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Tips for finding the best intellectual property lawyer

Intellectual property includes copyrights, patents, trademarks and trade secrets. Protecting intellectual property often necessitates the expertise of an attorney (IP).

Finding a lawyer is simple, but picking the right one isn’t. People who have never dealt with an attorney have the misconception that all lawyers are equal. Lawyers, like doctors, tend to specialize. For your copyrighted software, you wouldn’t go to a podiatrist, nor a real estate lawyer.

A lawyer’s history and experience are crucial factors to consider, according to Hensley Legal Group Indiana. Depending on the facts of your case, you may need a lawyer who specializes in patent litigation, media transactions, or trademark defense.

Look for a lawyer that is a good fit for you and your case.

What things should you consider before making a choice?

Look for lawyers who belong to bar associations in your state and elsewhere. Bar associations are essentially professional groups for lawyers. These are usually non-profit organizations committed to enabling legal information sharing and professional networking among lawyers. You can join a local, state, or national bar association, the largest of which being the American Bar Association (for example, the Chicago Bar Association).

Almost all bar associations have formed sections or committees for each specialty. Among other fields of practice, these include criminal, bankruptcy, and real estate. Find the “Intellectual Property” committee on your local bar association’s website. On their websites and in their directories, several bar associations list an email address for contacting committee members or the chair.

These are generally good contacts. You should not seek legal advice from the chair, although he or she is obviously linked to the local IP community. A bar organization’s chair is likely to have a vast network of connections who are committed to their own professional development.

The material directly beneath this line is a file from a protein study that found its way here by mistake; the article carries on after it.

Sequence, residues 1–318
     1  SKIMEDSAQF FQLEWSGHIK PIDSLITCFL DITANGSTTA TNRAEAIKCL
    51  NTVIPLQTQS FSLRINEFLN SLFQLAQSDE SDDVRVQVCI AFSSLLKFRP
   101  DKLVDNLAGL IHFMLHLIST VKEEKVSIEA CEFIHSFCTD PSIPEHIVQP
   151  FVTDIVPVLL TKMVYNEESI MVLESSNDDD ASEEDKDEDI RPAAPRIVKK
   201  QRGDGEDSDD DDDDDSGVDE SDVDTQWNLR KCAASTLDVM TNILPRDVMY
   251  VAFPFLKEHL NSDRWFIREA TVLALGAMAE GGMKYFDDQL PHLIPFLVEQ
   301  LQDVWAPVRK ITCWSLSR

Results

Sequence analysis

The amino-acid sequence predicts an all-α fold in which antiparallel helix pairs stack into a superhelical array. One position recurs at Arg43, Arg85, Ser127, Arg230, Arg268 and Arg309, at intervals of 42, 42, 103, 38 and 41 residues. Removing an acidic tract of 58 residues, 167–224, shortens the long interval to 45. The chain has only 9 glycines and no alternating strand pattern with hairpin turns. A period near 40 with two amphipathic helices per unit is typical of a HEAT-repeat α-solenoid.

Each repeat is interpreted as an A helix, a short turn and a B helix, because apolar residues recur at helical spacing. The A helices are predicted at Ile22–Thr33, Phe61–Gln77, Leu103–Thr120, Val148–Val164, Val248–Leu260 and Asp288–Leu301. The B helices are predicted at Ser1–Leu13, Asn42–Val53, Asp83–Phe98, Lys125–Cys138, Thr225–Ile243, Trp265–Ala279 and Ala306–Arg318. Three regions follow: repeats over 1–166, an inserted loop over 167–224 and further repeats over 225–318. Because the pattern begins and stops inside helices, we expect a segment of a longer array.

Some bar associations, especially the larger ones, offer formal reference services. In addition to checking their activity in and membership in their local bar association, you should also examine their references.

Ask Existing Customers for Referrals

You’d probably start by asking around for bathroom remodelers. If you need a good intellectual property lawyer, ask around.

Imagine a little clothing store embroiled in a trademark dispute. Others in the local fashion or retail industry must know you. Ring them. Ask if they have a trademark legal team. You don’t have to contact a direct competitor. Instead, focus on businesses that are similar but not direct competitors.

Many business entrepreneurs will be willing to network, coach, and connect with you. You may be asked to reciprocate the favor by recommending a reputable accountant or tax professional.

Look up Attorneys on the Internet.

A potential attorney’s website, publications, and internet news articles can reveal a lot about their character and abilities.

Some websites also allow users to search for attorneys by practice area, geography, or name. Clients and other lawyers can see an attorney’s contact information and ratings.

Finding Potential Attorneys

First, make an appointment with a lawyer. Face-to-face encounters are preferred to phone calls when building rapport. Ask the lawyer if the first meeting is free and what documents to bring.

On your initial appointment with the lawyer, be prepared to ask specific questions. Find out what your lawyer thinks about your case and if he or she has handled cases similar to yours before. It’s a poor idea to hire a lawyer who refuses to answer your inquiries or claims to have never handled a case like yours.

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